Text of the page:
The ever business minded, problem-solving entrepreneur, Elon Musk says he could rebuild Puerto Rico’s shattered electrical infrastructure with his solar energy technology.
The vast majority of the island territory remains without power, weeks after it was hit by Hurricane Maria.
On Twitter, Mr Musk said his technology, which powers several smaller islands, could be scaled up to work for Puerto Rico.
The island’s governor responded to Mr Musk with the message: “Let’s talk”.
“Do you want to show the world the power and scalability of your Tesla technologies? Puerto Rico could be that flagship project,” the Governor of Puerto Rico, Ricardo Rossello, said.
Mr Musk’s Tesla company is best known for its electric cars, but it also incorporates SolarCity – a solar panel firm which specialises in efficiently storing large amounts of electricity in power banks.
The company says it has powered small islands, such as Ta’u in American Samoa. There, it installed a solar grid which can power the entire island and store enough electricity for three days without any sun.
“The Tesla team has done this for many smaller islands around the world, but there is no scalability limit, so it can be done for Puerto Rico, too,” Mr Musk tweeted.
But he added that such a project would need the support of Puerto Rico – something the governor appears to be open to.
It is also understood that Tesla has already sent a number of battery systems to Puerto Rico to store energy from the island’s existing solar panels to help offset the energy shortage.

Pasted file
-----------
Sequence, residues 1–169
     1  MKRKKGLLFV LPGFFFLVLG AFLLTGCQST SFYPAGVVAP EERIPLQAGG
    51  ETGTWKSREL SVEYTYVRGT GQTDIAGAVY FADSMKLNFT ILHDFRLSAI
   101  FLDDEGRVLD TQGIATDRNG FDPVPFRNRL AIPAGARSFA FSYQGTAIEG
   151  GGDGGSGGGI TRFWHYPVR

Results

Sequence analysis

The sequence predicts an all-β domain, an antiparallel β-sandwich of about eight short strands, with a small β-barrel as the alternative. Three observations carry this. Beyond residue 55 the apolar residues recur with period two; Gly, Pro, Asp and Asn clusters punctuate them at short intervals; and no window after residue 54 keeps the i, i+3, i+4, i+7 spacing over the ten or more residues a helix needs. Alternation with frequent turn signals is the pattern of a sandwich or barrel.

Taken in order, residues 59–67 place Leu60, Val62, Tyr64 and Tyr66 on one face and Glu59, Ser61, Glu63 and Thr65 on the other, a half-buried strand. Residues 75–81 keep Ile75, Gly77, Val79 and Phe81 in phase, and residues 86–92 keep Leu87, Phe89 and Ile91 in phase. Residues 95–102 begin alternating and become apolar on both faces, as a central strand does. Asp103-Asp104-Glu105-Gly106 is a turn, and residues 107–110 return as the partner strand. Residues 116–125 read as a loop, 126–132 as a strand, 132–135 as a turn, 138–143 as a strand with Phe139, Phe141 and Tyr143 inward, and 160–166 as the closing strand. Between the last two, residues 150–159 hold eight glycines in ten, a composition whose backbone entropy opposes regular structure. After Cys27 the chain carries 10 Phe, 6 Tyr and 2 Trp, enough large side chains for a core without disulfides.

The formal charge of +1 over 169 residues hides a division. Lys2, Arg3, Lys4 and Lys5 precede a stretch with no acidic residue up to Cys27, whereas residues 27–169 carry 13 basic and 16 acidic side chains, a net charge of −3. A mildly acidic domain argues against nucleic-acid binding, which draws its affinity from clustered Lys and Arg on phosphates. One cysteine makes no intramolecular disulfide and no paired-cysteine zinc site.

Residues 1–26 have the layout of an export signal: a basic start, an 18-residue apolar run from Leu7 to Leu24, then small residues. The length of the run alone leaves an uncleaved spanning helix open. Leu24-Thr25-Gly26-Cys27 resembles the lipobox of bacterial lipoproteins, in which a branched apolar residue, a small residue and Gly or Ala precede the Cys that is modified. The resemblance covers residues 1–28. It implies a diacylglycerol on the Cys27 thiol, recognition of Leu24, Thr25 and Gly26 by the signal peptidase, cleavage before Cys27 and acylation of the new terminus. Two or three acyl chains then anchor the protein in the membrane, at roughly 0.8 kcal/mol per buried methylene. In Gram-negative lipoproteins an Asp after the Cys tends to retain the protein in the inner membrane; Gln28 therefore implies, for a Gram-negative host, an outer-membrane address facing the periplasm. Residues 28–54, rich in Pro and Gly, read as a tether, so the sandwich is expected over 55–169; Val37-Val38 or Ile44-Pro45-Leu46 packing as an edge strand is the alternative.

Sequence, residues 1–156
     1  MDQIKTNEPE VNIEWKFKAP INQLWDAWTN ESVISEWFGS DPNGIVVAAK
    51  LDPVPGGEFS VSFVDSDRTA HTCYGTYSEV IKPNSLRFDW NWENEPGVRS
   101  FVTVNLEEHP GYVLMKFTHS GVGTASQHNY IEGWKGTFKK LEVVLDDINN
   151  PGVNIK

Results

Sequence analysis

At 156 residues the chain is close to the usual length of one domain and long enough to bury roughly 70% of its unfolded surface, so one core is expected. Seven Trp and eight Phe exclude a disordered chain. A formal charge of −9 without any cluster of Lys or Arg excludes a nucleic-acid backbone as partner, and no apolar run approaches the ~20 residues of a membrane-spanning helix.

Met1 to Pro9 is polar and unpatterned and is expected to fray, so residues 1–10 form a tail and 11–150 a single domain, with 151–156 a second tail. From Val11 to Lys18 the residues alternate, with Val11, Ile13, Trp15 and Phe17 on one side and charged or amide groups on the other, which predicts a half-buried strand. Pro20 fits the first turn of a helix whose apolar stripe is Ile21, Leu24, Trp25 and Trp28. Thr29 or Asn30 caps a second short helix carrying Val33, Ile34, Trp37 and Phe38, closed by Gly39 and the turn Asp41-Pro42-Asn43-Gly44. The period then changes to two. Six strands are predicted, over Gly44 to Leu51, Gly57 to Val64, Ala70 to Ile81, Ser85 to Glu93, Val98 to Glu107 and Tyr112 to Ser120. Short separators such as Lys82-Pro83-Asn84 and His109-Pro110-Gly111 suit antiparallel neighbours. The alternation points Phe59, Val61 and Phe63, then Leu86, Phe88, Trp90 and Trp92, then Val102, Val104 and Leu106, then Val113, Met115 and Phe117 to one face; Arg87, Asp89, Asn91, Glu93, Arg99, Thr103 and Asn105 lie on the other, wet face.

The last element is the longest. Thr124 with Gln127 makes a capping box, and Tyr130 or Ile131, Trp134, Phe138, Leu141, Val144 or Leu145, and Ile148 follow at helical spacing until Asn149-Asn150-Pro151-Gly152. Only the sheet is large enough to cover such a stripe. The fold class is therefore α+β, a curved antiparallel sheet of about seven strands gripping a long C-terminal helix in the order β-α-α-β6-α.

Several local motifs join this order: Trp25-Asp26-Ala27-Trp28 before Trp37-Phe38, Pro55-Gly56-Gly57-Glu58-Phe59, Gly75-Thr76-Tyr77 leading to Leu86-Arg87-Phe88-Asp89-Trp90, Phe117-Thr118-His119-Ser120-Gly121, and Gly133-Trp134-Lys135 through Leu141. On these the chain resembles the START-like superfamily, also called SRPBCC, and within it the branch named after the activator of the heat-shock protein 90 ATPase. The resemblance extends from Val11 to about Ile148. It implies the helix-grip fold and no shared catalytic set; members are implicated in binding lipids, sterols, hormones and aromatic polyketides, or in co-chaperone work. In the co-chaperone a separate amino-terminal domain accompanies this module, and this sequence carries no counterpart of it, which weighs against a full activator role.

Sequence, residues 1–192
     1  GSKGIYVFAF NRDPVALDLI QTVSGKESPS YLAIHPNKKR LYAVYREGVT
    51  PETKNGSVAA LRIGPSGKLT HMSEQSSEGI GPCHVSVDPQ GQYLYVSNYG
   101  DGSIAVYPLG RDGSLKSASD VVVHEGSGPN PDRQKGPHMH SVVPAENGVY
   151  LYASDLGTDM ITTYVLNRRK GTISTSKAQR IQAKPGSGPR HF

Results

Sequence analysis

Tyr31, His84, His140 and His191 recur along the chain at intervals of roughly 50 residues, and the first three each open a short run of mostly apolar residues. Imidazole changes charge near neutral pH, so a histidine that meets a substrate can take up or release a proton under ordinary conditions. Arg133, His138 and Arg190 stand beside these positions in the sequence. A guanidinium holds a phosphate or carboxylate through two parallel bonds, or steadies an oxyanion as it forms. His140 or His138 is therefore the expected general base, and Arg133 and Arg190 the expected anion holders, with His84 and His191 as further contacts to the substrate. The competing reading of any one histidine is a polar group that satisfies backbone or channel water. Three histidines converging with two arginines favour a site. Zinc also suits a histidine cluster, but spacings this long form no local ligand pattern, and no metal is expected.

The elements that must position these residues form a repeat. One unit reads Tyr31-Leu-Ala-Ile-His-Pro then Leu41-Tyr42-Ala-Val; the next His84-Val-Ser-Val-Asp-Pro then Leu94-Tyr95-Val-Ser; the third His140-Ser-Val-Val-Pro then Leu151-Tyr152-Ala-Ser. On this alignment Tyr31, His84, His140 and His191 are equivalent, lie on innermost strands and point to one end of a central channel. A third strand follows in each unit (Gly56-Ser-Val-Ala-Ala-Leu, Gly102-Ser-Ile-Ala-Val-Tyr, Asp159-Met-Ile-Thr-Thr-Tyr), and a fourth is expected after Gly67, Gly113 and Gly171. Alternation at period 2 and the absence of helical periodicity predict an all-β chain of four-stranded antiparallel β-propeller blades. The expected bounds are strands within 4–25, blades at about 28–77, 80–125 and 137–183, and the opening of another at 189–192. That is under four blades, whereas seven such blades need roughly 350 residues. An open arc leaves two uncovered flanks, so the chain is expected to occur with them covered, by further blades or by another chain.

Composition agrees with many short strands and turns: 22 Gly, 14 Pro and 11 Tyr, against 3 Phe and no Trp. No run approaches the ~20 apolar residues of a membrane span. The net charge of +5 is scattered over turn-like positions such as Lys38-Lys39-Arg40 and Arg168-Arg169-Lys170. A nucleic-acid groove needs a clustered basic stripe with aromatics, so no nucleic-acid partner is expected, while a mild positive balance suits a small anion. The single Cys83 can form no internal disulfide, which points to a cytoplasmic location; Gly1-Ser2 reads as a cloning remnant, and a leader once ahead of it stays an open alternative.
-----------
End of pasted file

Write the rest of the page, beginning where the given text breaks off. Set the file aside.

The latest conversation is reminiscent of the bet started on Twitter between Mr Musk and an Australian software entrepreneur which led to plans for the world’s largest battery storage project in South Australia.
That battery installation – which Tesla guaranteed could be working “100 days from contract signature” – was declared half-built within days of the start of construction.
The Puerto Rican governor also used the exact same language – “let’s talk” – as South Australia Senator Sarah Hanson-Young used before the project became a reality.
Puerto Rican residents with solar panels are among the few with a stable electricity supply.
One flower grower, Hector Santiago, invested $300,000 (£230,000) in solar panels six years ago, Reuters reported this week.
“Everybody told me I was crazy because it was so expensive. Now I have power and they don’t,” he told the agency.
It is understood that Tesla has already sent a number of battery systems to Puerto Rico to store energy from the island’s existing solar panels to help offset the energy shortage.
Mr Musk has been largely successful in his renewable ventures.